The Messenger of F is careful to present these family details in preparation for the surprise that he saves for his viewers at the end of this part with the rise of Heshmat at dawn for his work, which we see as being in a fortified building and fenced in high walls, we know that it is a prison later, and with preparation for morning coffee and eating breakfast, we see red buttons that turn green And Heshmat does nothing but a simple and careless act of pressing one of them, so that the Messenger of Fough cruelly cuts to a platform that pulls and we see the feet hanging from a number of people who were executed and we only see their hanging legs and drops of one of them flowing under his pants.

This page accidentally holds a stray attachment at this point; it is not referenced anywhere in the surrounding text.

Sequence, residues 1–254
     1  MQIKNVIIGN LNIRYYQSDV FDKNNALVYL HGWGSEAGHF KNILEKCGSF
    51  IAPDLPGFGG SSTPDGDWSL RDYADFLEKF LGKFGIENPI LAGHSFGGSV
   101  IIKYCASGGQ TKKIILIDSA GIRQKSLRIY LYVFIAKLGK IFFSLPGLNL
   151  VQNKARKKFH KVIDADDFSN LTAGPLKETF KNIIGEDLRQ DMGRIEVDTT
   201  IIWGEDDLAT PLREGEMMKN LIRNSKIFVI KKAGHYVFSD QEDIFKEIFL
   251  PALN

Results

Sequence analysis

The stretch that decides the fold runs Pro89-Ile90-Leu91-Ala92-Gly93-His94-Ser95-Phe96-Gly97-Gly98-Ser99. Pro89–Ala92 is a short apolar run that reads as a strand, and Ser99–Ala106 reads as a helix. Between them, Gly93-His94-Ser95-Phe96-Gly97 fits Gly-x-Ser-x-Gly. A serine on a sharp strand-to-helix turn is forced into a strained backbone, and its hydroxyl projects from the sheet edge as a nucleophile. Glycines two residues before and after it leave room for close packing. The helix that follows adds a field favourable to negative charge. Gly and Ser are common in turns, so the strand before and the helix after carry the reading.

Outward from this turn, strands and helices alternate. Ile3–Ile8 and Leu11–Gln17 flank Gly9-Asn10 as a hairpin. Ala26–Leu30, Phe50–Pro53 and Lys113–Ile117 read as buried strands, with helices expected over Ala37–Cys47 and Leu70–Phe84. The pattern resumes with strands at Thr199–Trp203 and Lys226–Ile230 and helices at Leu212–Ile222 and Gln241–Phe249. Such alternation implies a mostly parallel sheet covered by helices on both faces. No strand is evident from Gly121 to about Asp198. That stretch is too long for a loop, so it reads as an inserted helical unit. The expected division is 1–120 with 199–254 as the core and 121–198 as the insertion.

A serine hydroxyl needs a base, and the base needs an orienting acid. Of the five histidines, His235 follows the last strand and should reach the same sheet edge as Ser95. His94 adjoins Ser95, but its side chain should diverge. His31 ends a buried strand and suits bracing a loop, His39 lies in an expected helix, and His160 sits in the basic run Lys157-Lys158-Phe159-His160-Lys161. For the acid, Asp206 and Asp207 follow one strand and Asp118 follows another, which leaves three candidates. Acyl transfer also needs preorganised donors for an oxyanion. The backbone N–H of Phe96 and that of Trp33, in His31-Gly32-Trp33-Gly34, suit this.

The Messenger of Fof ends this part of his movie with that cruel snapshot that contradicts all that compassion and compassion that he published in depicting his hero’s daily life.
In the second chapter of the movie titled “She Said: You Can Do It”, which is what we see as the weakest parts of the film, we see Boya (young actor Kawa Ahnger) who is a conscript who is in distress between his military duty that obliges him to participate in the execution of a person who has been sentenced to death. His conscience, who refuses to take part in the killing of an innocent person, may be innocent.
We see Boya anxious and terrified, and he requests the help of his colleagues in the military unit (prison), one of whom talks about the simplicity and the usual implementation of the order in response to what he sees as justice of the law and offers him another to carry out the work in his place in exchange for a large sum of money, and he calls one of them to contact his girlfriend who encourages him to refuse to implement orders And running away from prison, and one of them hands him before he goes to implement the order a small paper in which he outlines a plan to escape.